I don’t have much experience with a lot of beans since we roast only local beans, most of which we process ourselves. In general, our beans do not have much bitterness, so, more than that, with a low ROR, the coffee has emerged somewhat dull and lacking character. Since I roast only 1KG batches, with a low ROR at FC, the roasts have extended longer and that I guess results in somewhat baked beans. When we first acquired the Bullet around December 2019, my ROR at FC hovered at around 5 to 6. With more experience, I have managed to bring that up to 8-9 and the coffee has ended being brighter than earlier.
Attaching this profile where my ROR is around 9 at FC. This being a oily dark roast for a client, the curve is not optimal. However, for a lighter roast (Light to medium), due to the initial momentum, I can enter FC at a slightly lower ROR of 7-8 and carry on with a subtly decreasing curve till end of roast. I have done this with my lighter roasts and they have come out pleasant and quite fruity.
I had been having troubles with crashes at FC in general, so we decided to try the gas dip for these batches. Considering that theses were the best we’ve gotten so far from this bean, we may continue using the gas dip method.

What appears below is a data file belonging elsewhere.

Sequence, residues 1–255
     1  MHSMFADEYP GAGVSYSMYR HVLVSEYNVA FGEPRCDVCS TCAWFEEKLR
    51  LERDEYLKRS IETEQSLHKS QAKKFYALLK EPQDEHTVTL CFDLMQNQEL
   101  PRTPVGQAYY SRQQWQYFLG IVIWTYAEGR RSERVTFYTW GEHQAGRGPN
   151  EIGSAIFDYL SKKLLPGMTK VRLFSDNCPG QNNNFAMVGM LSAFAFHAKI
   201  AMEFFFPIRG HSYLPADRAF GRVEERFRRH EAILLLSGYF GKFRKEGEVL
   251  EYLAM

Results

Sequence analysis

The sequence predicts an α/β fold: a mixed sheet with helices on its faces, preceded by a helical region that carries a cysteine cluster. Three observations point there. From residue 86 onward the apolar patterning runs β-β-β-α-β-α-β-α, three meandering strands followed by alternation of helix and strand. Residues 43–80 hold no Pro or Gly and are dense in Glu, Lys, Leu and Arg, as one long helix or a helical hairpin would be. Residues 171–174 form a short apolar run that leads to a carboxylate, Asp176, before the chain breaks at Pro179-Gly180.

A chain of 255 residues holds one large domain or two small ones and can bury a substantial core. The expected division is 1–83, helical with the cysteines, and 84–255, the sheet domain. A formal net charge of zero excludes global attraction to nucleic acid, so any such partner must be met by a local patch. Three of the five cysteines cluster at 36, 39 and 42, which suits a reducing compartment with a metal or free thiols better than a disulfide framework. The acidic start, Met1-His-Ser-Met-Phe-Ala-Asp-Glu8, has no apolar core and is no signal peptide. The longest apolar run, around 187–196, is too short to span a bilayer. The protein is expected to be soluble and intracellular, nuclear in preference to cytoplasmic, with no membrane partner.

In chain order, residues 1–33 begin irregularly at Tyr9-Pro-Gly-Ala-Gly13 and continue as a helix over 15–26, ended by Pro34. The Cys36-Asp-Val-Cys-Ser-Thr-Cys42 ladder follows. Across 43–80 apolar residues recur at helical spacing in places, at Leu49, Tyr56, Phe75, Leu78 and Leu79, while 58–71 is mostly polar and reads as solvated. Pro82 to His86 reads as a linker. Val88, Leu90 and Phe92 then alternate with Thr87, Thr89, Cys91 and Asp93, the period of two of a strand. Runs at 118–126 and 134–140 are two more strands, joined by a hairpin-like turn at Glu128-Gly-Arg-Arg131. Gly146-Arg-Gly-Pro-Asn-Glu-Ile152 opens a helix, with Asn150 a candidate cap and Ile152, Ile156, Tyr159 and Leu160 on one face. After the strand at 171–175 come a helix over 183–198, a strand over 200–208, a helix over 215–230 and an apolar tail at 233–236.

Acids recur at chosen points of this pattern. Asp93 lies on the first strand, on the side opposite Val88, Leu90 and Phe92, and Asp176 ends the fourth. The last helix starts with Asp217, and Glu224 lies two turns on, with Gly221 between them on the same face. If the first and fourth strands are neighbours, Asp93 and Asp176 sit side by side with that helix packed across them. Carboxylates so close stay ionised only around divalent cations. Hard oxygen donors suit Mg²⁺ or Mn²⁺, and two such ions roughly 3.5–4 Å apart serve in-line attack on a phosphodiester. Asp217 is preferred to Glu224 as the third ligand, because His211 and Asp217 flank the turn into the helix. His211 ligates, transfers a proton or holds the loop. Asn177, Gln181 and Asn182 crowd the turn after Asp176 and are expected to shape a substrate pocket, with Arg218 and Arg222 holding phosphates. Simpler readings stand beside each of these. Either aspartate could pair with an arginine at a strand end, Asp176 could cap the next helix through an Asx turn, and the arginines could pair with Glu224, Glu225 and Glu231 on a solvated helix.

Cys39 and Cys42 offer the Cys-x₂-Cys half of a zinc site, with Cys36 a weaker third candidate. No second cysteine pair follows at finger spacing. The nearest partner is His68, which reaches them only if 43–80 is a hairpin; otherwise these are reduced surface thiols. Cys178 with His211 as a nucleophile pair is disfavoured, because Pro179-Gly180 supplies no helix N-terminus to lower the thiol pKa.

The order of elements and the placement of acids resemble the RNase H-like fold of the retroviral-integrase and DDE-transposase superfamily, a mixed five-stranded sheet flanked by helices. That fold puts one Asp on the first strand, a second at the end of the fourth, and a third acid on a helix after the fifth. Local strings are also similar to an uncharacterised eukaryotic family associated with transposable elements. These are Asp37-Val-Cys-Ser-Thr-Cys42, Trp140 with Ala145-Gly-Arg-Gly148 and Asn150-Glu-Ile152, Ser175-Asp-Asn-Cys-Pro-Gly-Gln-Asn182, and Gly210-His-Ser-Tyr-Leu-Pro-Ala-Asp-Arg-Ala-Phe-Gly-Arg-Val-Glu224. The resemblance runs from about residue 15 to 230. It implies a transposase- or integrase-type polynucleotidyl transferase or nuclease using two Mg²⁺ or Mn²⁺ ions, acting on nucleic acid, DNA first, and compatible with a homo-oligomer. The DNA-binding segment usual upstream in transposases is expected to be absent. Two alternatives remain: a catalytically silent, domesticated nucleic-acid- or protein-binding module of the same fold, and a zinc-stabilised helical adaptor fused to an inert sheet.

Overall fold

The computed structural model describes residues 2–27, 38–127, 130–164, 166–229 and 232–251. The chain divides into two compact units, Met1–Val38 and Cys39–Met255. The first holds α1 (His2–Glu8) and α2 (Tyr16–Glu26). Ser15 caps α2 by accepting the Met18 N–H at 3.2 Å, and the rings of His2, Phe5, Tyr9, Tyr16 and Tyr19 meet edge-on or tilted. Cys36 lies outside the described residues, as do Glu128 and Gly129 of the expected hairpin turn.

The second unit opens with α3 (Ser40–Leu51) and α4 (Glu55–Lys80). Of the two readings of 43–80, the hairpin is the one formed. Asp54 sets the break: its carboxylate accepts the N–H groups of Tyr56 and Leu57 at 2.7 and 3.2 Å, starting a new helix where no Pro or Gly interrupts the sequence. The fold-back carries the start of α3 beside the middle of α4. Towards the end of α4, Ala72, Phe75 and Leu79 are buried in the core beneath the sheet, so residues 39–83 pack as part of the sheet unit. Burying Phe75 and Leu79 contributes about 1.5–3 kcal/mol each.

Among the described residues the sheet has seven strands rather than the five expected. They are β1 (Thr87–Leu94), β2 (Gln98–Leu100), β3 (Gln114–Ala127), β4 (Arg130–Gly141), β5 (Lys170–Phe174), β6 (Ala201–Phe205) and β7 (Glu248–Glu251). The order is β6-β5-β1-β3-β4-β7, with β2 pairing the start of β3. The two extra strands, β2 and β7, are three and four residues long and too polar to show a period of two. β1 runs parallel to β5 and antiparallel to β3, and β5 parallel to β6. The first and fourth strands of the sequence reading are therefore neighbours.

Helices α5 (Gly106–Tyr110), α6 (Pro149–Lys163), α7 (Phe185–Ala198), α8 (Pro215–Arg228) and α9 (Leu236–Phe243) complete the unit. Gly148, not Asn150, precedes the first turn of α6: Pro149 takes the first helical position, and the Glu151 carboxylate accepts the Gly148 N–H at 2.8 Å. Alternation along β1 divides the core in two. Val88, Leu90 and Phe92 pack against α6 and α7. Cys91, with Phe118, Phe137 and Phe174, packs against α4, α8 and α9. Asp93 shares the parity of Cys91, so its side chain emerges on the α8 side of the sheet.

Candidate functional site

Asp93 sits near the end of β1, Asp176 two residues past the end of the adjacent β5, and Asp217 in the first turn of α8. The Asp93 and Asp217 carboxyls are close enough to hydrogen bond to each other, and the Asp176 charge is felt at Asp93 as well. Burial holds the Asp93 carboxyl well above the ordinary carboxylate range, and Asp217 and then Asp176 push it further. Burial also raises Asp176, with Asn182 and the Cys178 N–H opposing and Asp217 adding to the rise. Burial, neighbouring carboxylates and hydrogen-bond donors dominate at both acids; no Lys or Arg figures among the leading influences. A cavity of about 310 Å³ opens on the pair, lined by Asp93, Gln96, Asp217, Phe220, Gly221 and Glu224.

I didn’t see #11 as baked before, but now that I’m thinking about it, I think you’re right.
I know I’m months behind this post, but I’m really curious as to all 3 roasts starting at P1 for the first minute. I haven’t heard of or seen this approach before, but then again I haven’t followed the forum that closely.
It’s called a “heat soak”. You warm the greens slowly before hitting them with roast-level heat. Avoids scorching. Look for a couple posts from @quartzglen describing how he does it. Maybe Feb 2020… ??
Not a universally accepted method within SCAA presenters.
As Bruce said, not something typically needed on the Bullet due to the induction heating vs gas as heat source on larger drum roasters - but don’t let that stop you experimenting; I’ve toyed with it as a way to prevent a high charge temp from blasting you past your aim points for YC and FC which might happen if you left your power full on early. The easier solution of course is to lower the PH, but sometimes you forget…
I was told by a local coffee supplier that this is a good method to use on natural process coffees to keep from burning the sugars that remain on the outside of the beans. He uses the bullet as a sample roaster.
I’m a newbie so I’m still trying to figure this out. I have been doing this with the natural Brazil I have been roasting and it has helped the outcome of my roasts.
All 3 of those roasts also starts at a rather high PH temp 270C/518F for a 600g batch size. At that PH temp if using a high P after charging the beans will scorch/burn on the outside of the bean while the inside is under-developed. It’s like searing a steak on a very hot cast iron pan - you get a nice crust but juicy rare/medium rare on the inside. That’s what you want with a steak but not with your beans